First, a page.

When I was in 10th grade, I took some Home Ec class designed to prepare us for “real life”. We were doing the section on having children, and after researching how much those little buggers cost, we each got our own ‘child’ to care for. I think they use realistic looking baby dolls now, but way back then, we used eggs. Not hard boiled, either. We drew slips of paper with our baby’s gender and abnormalities on them. Mine was Boy, Normal. I remember, because I wrote it on my folder and my friend Pam thought it was the name of a new band, and being the poser she was, asked our friend Colleen if she had heard of Boy Normal, because she had their album and it was awesome.. It was… hilarious.
That day I walked home with my neighbor, Rick, who egg-napped my baby. I begged him to give it back, but he was a jerky 10th grade boy, and he threw it up in the air instead. It landed in the grass, and cracked. I started crying, and took my broken egg home to my mom. She was as upset as I was – it was like this thing was real. Rick came down later that evening and apologized, and we both glared at him for a while before I accepted his apology. I didn’t know it then, but that was the only ‘parenting’ my Mom would get to see me do.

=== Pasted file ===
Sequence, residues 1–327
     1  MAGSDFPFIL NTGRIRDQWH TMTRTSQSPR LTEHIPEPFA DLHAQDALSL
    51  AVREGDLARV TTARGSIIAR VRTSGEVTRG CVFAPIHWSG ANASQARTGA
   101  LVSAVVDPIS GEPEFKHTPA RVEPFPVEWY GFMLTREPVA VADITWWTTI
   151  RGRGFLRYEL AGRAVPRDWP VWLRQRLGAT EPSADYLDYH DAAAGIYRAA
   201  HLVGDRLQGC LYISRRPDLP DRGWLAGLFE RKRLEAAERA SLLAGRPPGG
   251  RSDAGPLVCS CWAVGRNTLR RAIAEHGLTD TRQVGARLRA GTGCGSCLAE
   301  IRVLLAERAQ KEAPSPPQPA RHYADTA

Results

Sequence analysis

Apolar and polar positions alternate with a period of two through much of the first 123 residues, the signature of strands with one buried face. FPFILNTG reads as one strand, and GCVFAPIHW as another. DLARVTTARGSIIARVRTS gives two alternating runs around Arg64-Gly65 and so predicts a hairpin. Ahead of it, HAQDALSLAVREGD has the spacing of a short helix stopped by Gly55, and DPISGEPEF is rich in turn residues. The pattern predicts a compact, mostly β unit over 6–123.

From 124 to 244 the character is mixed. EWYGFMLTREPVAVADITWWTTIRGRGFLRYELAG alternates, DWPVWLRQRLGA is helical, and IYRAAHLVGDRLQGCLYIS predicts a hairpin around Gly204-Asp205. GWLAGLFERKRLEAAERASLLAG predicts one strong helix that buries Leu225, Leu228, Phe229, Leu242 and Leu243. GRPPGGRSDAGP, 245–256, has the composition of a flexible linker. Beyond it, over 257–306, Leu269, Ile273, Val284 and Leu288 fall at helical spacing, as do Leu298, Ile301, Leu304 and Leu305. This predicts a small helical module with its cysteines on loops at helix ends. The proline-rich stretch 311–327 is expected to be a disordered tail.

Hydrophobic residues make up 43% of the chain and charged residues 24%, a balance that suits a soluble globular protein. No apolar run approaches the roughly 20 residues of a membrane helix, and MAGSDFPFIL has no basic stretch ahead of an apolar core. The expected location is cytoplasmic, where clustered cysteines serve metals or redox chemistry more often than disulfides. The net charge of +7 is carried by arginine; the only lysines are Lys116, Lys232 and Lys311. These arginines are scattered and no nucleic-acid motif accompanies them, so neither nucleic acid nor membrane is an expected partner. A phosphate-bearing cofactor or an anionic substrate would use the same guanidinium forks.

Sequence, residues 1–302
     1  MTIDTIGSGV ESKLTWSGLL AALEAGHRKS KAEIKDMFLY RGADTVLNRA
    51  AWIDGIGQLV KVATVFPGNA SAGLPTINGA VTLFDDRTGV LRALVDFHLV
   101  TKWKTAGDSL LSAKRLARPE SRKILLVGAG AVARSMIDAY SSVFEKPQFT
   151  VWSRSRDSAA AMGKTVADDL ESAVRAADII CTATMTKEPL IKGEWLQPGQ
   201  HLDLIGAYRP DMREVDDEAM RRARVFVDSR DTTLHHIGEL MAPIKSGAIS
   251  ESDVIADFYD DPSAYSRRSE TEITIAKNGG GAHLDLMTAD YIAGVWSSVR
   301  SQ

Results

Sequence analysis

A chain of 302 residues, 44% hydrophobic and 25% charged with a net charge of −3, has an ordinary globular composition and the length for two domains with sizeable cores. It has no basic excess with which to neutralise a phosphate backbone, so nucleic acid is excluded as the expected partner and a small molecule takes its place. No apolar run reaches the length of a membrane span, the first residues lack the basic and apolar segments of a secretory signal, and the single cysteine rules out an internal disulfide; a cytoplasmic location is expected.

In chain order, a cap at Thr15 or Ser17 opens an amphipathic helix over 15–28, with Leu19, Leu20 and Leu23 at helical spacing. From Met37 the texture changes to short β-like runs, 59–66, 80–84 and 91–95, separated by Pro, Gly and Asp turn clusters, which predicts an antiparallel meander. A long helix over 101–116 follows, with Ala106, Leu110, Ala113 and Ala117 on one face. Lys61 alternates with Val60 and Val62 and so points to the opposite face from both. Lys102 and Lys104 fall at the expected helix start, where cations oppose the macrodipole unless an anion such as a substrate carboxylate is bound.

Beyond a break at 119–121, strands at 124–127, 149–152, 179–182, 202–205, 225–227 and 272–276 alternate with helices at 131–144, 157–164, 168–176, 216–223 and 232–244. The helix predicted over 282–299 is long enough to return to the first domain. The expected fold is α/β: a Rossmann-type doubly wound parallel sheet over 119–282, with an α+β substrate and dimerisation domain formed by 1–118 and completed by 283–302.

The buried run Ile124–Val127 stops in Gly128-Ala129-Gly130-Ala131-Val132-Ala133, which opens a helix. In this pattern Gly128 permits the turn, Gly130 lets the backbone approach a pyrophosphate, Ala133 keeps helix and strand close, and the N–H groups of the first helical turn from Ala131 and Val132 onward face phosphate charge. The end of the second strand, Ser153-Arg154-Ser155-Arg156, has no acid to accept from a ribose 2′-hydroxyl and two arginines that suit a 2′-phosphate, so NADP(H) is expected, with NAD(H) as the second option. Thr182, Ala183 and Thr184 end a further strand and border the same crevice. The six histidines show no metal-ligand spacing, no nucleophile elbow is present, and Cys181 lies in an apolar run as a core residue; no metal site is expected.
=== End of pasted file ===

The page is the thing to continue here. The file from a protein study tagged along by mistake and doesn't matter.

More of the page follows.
My mom had breast cancer. She had it at the time, and she died from it just over a year after I had my Boy, Normal egg. Today there will be a lot of posts about being a mom, and how wonderful a grandma everyone’s mom is, and believe it or not, I am not jealous. I would never want anyone else not to have that experience of sharing motherhood with the one who mothered them.
Not jealous, but sad. I wish my mom had been there when I graduated from high school, and then college, and then with my Master’s Degree. I wish she could have been at my wedding. I wish she had seen me pregnant. I wish she could have told me what it was like for her. I wish she could have held A.P. and Maybelle at the hospital, and loved them like only a woman who had just become a Grandmother could. I wish she knew my kids.
I hold my children close. I know I do. There are a lot of reasons I choose to stay home with them, but one reason is that I am afraid this might be all they get. My mom was 44 when she died – I didn’t understand how young that was at the time because of how young I was. I was 16. And even though I am a grown woman with a husband and children of my own, sometimes when I think of my mom, I think of her the way a 16 year old girl would. Rebellious, angry. Stupid. But, that’s where my memories end.
I wonder what my children would remember about me if I only live a few more years? I don’t want them to remember some daycare or babysitter – I want them to remember me. I don’t have any tidy wrap-up for this. No, I just wish that my Mom had been there when I became a mom. When I was blessed with a Boy Normal, for real. I love you, Mom. I miss you.